14. Ligands to the platelet fibrinogen receptor glycoprotein IIb-IIIa do not affect agonist-induced second messengers Ca2+ or cyclic AMP.

    PubMed Central

    Williams, J A; Ashby, B; Daniel, J L

    1990-01-01

    Previous studies have suggested that the platelet glycoprotein complex GPIIb-IIIa, which is the putative fibrinogen receptor, regulates Ca2+ influx into platelets, possibly operating as a Ca2+ channel. We have used RGD-peptides (peptides containing the sequence Arg-Gly-Asp; disintegrins), isolated from snake venoms, that have a high affinity and specificity for the fibrinogen-binding site of GPIIb-IIIa to address the question of whether blocking this site inhibits Ca2+ movement from the extracellular medium to the cytosol. Using fura-2-loaded human platelets, we found that neither disintegrins nor a monoclonal antibody (M148) to the GPIIb-IIIa complex altered the level of cytosolic Ca2+ obtained when the cells were stimulated with various agonists in the presence of either nominal or 1 mM extracellular Ca2+. In the presence of Mn2+, an ion that quenches fura-2 fluorescence, fura-2-loaded platelets were stimulated with thrombin or ADP. Neither disintegrins nor the monoclonal antibody altered the kinetics or the amount of quenching of fura-2 fluorescence by Mn2+. These data indicate that the binding of ligands to the fibrinogen receptor is not associated with an inhibition of Ca2+ movement through a receptor-operated channel. Furthermore, the disintegrins have no effect on platelet cyclic AMP metabolism in either the presence or the absence of phosphodiesterase inhibitors. PMID:2168700

  15. The Arg-Gly-Asp-containing peptide, rhodostomin, inhibits in vitro cell adhesion to extracellular matrices and platelet aggregation caused by saos-2 human osteosarcoma cells.

    PubMed Central

    Chiang, H. S.; Yang, R. S.; Huang, T. F.

    1995-01-01

    Saos-2 cells, derived from a primary human osteosarcoma, caused dose-dependent platelet aggregation in heparinised human platelet-rich plasma. Saos-2 tumour cell-induced platelet aggregation (TCIPA) was completely inhibited by hirudin but unaffected by apyrase. The cell suspension shortened the plasma recalcification times of normal, factor VIII-deficient and factor IX-deficient human plasmas in a dose-dependent manner. However, the cell suspension did not affect the recalcification time of factor VII-deficient plasma. Moreover, a monoclonal antibody (MAb) against human tissue factor completely abolished TCIPA. Flow cytometric analysis using anti-integrin MAbs as the primary binding ligands demonstrated that the integrin receptors alpha v beta 3, alpha 5 beta 1 and alpha 6 beta 1 were present of Saos-2 cells, which might mediate tumour cell adhesion to extracellular matrix. Rhodostomin, an Arg-Gly-Asp (RGD)-containing snake venom peptide which antagonises the binding of fibrinogen to platelet membrane glycoprotein IIb/IIIa, prevented Saos-2 TCIPA as well as tumour cell adhesion to vitronectin, fibronectin and collagen type I. Likewise, the synthetic peptide Gly-Arg-Gly-Asp-Ser (GRGDS) showed a similar effect. On a molar basis, rhodostomin was about 18,000 and 1000 times, respectively, more potent than GRGDS in inhibiting TCIPA and tumour cell adhesion. PMID:7841039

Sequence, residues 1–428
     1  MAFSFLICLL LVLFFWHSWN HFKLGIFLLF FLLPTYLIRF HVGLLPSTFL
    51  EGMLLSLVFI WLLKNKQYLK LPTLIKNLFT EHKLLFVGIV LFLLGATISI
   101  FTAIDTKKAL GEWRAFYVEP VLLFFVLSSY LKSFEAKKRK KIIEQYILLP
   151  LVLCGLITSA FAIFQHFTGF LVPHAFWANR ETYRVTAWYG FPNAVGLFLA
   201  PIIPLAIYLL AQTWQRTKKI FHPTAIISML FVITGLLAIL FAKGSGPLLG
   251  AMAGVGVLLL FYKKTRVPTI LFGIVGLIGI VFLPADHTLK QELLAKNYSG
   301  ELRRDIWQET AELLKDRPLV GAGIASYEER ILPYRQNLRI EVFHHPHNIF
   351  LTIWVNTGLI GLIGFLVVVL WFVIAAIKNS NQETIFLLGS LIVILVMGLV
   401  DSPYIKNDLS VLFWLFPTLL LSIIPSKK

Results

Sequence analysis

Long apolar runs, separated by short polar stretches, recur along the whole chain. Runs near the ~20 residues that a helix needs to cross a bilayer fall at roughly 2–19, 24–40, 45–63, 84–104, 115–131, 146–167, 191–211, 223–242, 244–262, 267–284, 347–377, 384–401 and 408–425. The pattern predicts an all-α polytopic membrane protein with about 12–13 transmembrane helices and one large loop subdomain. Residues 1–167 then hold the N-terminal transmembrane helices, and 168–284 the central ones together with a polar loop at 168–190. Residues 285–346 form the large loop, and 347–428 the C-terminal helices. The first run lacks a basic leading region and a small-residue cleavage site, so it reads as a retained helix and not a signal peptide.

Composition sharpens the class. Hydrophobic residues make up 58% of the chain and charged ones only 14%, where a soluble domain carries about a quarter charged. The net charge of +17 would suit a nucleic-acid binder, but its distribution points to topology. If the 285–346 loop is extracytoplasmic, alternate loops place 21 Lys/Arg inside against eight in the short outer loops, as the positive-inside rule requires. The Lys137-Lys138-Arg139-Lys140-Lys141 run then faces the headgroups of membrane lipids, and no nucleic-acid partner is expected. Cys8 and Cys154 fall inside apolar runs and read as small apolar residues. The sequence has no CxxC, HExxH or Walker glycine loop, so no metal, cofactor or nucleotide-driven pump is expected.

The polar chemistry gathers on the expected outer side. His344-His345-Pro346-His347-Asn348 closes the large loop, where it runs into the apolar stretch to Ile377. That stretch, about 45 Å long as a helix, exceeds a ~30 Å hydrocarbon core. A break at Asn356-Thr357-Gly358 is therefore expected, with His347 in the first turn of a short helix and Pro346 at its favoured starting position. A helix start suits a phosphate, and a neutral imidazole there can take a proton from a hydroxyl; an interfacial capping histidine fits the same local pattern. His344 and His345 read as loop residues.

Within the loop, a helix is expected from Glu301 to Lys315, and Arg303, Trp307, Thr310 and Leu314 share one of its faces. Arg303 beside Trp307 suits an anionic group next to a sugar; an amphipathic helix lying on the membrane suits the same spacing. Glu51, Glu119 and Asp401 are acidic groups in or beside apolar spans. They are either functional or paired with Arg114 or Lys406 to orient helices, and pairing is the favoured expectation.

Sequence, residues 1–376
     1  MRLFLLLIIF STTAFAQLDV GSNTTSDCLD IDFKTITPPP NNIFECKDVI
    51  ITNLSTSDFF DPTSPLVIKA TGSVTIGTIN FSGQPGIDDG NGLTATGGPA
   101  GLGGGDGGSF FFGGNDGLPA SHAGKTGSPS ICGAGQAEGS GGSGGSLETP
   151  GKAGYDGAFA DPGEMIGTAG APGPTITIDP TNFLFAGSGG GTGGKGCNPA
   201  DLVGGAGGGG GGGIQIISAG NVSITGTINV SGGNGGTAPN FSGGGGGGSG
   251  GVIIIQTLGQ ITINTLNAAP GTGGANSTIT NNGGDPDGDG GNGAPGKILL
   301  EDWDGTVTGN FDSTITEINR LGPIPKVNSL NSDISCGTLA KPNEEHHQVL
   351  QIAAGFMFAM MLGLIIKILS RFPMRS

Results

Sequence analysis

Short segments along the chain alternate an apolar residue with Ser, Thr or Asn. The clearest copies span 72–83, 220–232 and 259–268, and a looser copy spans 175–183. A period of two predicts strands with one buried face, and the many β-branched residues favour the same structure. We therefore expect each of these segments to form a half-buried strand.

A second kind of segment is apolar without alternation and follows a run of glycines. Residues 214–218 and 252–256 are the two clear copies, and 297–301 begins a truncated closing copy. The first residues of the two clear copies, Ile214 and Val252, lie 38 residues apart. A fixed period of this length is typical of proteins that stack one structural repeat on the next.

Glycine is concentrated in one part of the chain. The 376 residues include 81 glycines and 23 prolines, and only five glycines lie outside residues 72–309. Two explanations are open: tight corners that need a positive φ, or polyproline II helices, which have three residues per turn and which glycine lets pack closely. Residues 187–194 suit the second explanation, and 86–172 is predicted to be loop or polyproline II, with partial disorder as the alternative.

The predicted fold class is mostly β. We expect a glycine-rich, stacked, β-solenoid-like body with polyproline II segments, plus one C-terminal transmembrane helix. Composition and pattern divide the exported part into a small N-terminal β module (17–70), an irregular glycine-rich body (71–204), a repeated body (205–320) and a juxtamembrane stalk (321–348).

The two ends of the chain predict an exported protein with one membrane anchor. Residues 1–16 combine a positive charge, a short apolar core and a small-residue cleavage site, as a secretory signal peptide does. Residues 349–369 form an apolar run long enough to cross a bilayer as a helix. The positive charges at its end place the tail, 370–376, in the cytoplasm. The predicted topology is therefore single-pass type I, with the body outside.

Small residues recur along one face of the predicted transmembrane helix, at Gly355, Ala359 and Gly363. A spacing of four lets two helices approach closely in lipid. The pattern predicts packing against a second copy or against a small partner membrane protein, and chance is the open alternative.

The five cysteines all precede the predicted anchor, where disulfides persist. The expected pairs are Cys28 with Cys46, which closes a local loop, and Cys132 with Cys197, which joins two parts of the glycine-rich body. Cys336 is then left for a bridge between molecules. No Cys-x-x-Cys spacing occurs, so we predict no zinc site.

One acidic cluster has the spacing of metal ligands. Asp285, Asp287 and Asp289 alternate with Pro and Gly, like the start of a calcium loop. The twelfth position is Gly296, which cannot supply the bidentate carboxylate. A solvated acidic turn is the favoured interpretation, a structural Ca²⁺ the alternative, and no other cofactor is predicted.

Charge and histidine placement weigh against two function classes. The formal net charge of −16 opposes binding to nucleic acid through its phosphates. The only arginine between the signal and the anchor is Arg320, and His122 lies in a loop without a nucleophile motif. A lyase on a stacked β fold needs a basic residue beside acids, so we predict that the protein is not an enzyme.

16. Clotting of mammalian fibrinogens by papain: a re-examination.

    PubMed

    Doolittle, Russell F